The biggest annoyance, as mentioned, was the graphics APIs. Between Image, BufferedImage, ImageObservers, Graphics, Graphics2D, Rectangle, Rectangle2D.... it was all too much. There's at least two of any class that you would expect, and it becomes a chore trying to figure out which is compatible with which, or which you need to do any one thing. It's not unlike other Java APIs that have multiple implementations, like collections and dates to name a couple.
Sidebar: My Learning Goals
Experts recommend that anyone serious about software development should learn one new language per year. I've generally succeeded at that, although for me, most of them have been cast aside, leaving only Ruby, Java and C# as relevant. This is not to say that those other languages aren't awesome and great, I just had no need for them. As hard as I tried, I could not find a place for Groovy, Scala, Go or D in my world (but I'm still trying for D!). That said, learning each new language teaches us not only the language, but the motivations behind it and new techniques for solving problems that we hadn't thought about before. Learning Ruby made me a better Java developer.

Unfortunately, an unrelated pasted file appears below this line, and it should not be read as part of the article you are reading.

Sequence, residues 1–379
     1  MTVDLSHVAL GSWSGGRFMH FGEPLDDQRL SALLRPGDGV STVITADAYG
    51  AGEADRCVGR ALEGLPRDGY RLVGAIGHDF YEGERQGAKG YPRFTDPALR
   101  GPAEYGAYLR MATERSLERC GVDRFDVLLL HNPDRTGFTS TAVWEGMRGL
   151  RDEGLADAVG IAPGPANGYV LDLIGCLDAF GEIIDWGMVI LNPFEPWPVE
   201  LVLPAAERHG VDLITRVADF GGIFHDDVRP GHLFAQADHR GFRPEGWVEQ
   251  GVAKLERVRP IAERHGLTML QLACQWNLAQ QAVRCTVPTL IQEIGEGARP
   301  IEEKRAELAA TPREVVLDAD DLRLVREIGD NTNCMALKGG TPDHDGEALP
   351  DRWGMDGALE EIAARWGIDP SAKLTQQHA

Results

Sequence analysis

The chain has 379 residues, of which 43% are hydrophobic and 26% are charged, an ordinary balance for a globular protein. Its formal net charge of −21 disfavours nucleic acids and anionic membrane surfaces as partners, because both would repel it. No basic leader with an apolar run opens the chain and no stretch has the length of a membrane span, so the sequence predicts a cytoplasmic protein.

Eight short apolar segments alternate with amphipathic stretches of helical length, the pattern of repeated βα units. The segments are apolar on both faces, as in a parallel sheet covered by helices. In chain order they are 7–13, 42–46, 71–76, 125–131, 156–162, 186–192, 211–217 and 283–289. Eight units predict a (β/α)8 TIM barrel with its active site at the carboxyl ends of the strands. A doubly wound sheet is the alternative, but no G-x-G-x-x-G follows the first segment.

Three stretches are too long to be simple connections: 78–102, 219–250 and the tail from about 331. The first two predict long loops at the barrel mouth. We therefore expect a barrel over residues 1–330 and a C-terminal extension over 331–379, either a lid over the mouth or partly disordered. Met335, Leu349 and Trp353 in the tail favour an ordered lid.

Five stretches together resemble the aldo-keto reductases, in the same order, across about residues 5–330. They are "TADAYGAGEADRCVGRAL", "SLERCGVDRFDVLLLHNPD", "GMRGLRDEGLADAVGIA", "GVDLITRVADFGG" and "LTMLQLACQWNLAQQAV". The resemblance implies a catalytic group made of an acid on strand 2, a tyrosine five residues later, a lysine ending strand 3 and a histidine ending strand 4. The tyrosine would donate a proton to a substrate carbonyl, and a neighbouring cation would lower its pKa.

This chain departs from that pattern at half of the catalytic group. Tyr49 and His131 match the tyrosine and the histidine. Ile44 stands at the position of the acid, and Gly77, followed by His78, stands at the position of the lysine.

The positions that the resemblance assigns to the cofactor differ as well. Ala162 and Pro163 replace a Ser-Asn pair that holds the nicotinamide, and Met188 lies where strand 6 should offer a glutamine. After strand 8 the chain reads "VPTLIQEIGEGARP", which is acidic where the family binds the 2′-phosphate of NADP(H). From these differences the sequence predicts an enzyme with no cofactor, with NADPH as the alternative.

That said, learning a new language, while useful and important, is only part of the story. Doing the same thing with a different language doesn't teach you as much as you'd think. It teaches you new ways to solve the same problems, but it doesn't teach you any new problems. And that's where the excitement and larger value comes in -- at least in my opinion.
Ultimately I decided I wanted to build a game after I watched the entire end credits for Assassin's Creed 2 scroll by. And then the credits screen for Fallout 3. I was blown away. The sheer number of people and amount of effort that goes into a game is astonishing. The largest enterprise Java project I can think of does not come close.
I wanted to know that. I don't care what language I have to learn to do it.
So Flash was it.
I already had experience with Flex and ActionScript 3. So the language really was not all that new. I already knew that I preferred AS3 to Java in almost every respect. I missed nothing about the Java language, AS3 is cleaner, more modern and enjoyable. The things I miss were largely in the libraries... like having equals and hashCode available on all classes, and having more advanced collections APIs.
My first approach is probably pretty predictable... I tried to start with a Flex project. That is, I figured I could utilize Flex components to lay out the game, use it for the control panel interface and then just slap a canvas on the component tree and draw on it -- much the same approach I took with the Java Applet -- which was a JApplet with Swing components and a JPanel that I drew the game view on.